About Karen Miller, MD

Karen K. Miller, MD is a clinician in the Neuroendocrine Clinical Center and a faculty member in the Neuroendocrine Unit at the Massachusetts General Hospital, and a Professor of Medicine at Harvard Medical School.  She is an NIH-funded clinical researcher who studies the neuroendocrine regulation of body composition and brain function, with a focus on hormone deficiency and excess states, including growth hormone and androgens, on body composition and brain function.  Awards in recognition of her work have included The Endocrine Society International Award for Excellence in Published Clinical Research in The Journal of Clinical Endocrinology and Metabolism in 2006.  She is the author of more than 100 peer-reviewed publications and has served on the editorial board of the Journal of Clinical Endocrinology and Metabolism.

Departments, Centers, & Programs:

Clinical Interests:

Treats:

Locations

Neuroendocrine and Pituitary Tumor Clinical Center
55 Fruit Street
Cox 140
Boston, MA 02114-2696
Phone: 617-726-7948

Medical Education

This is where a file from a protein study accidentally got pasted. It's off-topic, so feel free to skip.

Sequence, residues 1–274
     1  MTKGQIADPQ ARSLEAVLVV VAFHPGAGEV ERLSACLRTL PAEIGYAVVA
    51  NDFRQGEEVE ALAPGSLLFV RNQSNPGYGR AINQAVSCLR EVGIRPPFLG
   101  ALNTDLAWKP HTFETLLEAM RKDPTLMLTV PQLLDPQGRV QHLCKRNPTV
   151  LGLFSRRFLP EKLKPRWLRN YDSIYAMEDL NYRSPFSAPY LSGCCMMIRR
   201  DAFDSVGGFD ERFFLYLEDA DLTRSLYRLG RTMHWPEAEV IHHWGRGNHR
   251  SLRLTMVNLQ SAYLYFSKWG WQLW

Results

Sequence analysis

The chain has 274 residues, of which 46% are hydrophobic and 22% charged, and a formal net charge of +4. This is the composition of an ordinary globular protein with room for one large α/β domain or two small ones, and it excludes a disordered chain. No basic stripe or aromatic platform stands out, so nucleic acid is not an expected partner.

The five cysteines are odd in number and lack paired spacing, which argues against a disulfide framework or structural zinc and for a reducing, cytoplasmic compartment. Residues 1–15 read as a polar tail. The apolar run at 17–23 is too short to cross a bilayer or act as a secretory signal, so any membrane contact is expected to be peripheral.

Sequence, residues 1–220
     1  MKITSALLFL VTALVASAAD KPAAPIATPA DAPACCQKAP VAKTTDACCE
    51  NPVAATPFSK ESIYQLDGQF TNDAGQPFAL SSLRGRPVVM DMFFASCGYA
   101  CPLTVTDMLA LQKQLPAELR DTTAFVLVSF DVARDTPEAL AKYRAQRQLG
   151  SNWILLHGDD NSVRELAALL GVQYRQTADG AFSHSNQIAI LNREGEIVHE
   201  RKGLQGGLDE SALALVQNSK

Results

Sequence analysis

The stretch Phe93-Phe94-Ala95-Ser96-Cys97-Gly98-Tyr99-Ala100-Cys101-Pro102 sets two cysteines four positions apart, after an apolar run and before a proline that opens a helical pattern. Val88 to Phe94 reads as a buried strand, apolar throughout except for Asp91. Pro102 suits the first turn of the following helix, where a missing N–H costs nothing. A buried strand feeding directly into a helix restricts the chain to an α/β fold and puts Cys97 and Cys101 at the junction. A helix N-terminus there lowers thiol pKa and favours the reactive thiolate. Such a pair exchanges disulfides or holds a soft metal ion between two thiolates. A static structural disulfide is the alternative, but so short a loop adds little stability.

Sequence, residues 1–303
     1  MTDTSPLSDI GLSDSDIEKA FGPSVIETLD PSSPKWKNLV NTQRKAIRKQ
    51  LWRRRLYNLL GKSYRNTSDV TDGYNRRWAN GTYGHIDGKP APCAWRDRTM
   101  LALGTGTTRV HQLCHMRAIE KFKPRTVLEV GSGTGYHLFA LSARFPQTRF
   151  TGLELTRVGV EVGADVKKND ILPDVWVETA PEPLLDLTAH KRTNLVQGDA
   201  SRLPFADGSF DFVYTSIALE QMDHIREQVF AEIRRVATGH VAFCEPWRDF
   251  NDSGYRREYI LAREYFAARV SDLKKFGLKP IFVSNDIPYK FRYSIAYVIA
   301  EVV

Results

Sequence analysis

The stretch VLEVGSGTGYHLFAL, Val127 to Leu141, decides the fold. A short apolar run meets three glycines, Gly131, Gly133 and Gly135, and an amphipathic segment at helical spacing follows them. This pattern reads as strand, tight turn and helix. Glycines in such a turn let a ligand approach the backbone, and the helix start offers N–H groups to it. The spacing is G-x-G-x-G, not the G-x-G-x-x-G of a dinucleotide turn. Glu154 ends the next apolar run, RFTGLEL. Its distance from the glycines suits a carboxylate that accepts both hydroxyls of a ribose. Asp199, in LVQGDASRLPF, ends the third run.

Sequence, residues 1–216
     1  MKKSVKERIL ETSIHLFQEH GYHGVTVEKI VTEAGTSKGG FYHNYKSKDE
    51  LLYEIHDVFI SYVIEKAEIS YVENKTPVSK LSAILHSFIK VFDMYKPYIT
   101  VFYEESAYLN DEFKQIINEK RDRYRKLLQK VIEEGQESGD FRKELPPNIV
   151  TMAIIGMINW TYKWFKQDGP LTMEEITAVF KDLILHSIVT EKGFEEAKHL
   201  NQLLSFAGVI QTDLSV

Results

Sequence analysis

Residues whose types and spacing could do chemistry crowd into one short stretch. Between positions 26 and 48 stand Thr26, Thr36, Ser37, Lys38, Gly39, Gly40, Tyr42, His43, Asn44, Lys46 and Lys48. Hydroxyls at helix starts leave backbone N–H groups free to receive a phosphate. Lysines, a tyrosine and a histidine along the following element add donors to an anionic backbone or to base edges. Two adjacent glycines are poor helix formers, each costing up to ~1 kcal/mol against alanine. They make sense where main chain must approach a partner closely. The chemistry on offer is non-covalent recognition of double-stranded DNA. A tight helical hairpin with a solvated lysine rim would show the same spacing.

• MD, Johns Hopkins University School of Medicine
  • Residency, Brigham and Women's Hospital
  • Fellowship, Massachusetts General Hospital

American Board Certifications

  • Internal Medicine, American Board of Internal Medicine
  • Endocrinology, Diabetes & Metabolism, American Board of Internal Medicine

Accepted Insurance Plans

Note: This provider may accept more insurance plans than shown; please call the practice to find out if your plan is accepted.


Research

Dr. Miller is an NIH-funded clinical researcher who studies the neuroendocrine regulation of body composition and brain function, with a focus on hormone deficiency and excess states, including growth hormone and androgens, on body composition and brain function.  Her research interests include hypopituitarism, acromegaly, androgen deficiency and replacement therapy in women and growth hormone deficiency and replacement therapy.

Publications

    1. Miller KK et al. Androgen deficiency in women with hypopituitarism. J Clin Endocrinol Metab. 2001; 86:561-7.
    2. Miller KK et al. Effects of testosterone replacement in androgen-deficient women with hypopituitarism: a randomized, double-blind, placebo-controlled study. J Clin Endocrinol Metab. 2006; 91:1683-90.
    3.  Miller KK et al. Growth hormone deficiency after treatment of acromegaly: a randomized, placebo-controlled study of growth hormone replacement. J Clin Endocrinol Metab. 2010; 95(2):567-77.
    4. Dichtel LE et al.  Overweight/obese adults with pituitary disorders require lower peak growth hormone cut-off values on glucagon stimulation testing to avoid overdiagnosis of growth hormone deficiency.  J Clin Endocrinol Metab. 2014 (in press).